I attend mass every Sunday at the local Catholic Church in the town square of Rabinal. It is a small, colonial church where mostly indigenous campesinos travel for hours to attend church by 6:30 am on Sunday mornings before selling their produce or wares at the plaza market.
The church is filled with statues of Mary and Jesus where people come to light candles and pray for themselves and their loved ones. The air is filled with incense and the women kneeling to pray are dressed in brightly colored huipiles while saying their Hail Marys and Our Fathers.
So, imagine my surprise when I begin reading the signs around the church and realize that one so cleverly reminds parishioners that, “You don’t need a cell phone to talk to God! Please turn off your cell phones while in the Church.”
The thought immediately strikes me as a little bizarre as I glance around at the holes in the roof of the church and the ragged dogs running wild through the pews. “Globalization,” for better or for worse, has indeed touched every corner of the world.
Globalization is a difficult thing to grasp, let alone define. It is a process that has been called everything from the key to ending Third World poverty to the very process that will cause the implosion of the capitalist system. From the internet to the stock markets, from watching cable television to buying Coca Cola, from sweat shops to high rise office buildings, globalization affects so many people in such different ways.
I am no economist (for which I am eternally grateful, no offence to those who are), so I most certainly do not understand everything about macroeconomic processes such as globalization. However, I am a student of anthropology, and what anthropologists do is study people. We study how large and complex global and economic processes such as globalization impact specific locales and affect real people.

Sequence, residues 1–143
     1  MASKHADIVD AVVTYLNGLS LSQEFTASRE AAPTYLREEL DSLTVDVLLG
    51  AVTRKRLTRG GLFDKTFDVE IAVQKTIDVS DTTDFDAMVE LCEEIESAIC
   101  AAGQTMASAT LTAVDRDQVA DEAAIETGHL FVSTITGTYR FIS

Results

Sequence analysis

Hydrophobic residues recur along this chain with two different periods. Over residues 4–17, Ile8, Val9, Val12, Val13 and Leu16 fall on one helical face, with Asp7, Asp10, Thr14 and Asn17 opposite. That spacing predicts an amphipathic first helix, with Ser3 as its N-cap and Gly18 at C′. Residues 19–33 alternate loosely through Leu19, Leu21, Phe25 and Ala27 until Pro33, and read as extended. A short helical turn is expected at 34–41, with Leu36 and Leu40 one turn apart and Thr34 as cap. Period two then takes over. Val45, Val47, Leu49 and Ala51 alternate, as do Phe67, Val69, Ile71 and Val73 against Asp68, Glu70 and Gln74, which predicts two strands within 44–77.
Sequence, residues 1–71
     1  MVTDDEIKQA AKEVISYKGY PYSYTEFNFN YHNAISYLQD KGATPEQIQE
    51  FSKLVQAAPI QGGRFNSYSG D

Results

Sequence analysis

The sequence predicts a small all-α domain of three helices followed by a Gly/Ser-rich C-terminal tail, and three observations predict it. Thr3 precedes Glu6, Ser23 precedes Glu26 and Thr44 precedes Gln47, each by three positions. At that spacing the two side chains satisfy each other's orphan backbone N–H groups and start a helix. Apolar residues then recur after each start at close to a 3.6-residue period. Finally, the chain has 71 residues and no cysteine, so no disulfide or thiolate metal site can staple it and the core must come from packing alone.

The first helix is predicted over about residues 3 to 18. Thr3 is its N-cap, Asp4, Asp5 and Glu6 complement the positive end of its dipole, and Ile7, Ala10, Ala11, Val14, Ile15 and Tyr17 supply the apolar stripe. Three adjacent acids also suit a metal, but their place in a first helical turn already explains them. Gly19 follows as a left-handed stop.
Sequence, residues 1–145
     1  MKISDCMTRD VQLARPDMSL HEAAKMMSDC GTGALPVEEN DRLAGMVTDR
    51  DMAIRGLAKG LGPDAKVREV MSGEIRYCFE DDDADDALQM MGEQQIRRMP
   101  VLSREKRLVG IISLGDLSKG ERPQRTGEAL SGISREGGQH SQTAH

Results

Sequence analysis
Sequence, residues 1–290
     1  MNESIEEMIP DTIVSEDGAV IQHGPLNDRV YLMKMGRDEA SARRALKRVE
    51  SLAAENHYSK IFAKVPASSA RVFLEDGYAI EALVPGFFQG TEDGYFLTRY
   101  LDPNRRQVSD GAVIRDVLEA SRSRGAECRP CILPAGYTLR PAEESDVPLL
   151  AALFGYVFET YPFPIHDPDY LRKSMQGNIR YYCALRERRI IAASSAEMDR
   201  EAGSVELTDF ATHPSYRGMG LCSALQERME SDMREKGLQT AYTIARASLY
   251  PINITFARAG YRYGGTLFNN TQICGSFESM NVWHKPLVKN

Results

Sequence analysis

Anthropologists listen to the stories and live with the people. We hear their hopes and dreams as well as their difficulties and the ways that they suffer. While anthropology has surely had its share of horrible blunders, throughout history it has often tried to give a face and a name to human suffering. While I can only truly speak from my experience in Latin America, I have certainly seen first-hand the poverty and inequality that globalization is rapidly producing.
From Villa El Salvador (Lima, Peru), the fifth largest urban mega-slum in the world where I worked as a tutor, to here in Rabinal, in rural Guatemala, I have seen the ways that globalization has impacted the poorest of the poor. In some ways globalization has revolutionized the way that people live.
Thus even the very poor can have access, if they can pay and if they can read, to the incredible wealth of knowledge available via the internet through the ubiquitous ‘internet cafe’. They can create websites or use chatting software to link to other people with similar goals and ideas.
They can talk to their relatives that have migrated to other countries to find work and send back remittances using cellular telephones. However, for every great technology or service that has been imported into these countries, so much else has as well. When I hear Coolio`s “Gangta`s Paradise” for the third time in a single day in rural Guatemala, or I look closely at the traditionally embroidered bag of a campesino man that has been woven into a Pepsi advertisement, I often have to wonder if the good ever outweighs the bad.
If the exploitation and theft of resources from these people, largely led by economic world powers such as the United States, is made up for by Big Macs and “The Bachelor” dubbed in Spanish. The longer I spend in Latin America, the more the answer boils up from my very being as an obvious and resounding, “NO!” However, I also must say that I have learned that, like the signs in the church say, the most important things in life cannot be had through money or technology, only through the heart and through those you love.
Posted By Abby Weil
Posted Jul 13th, 2007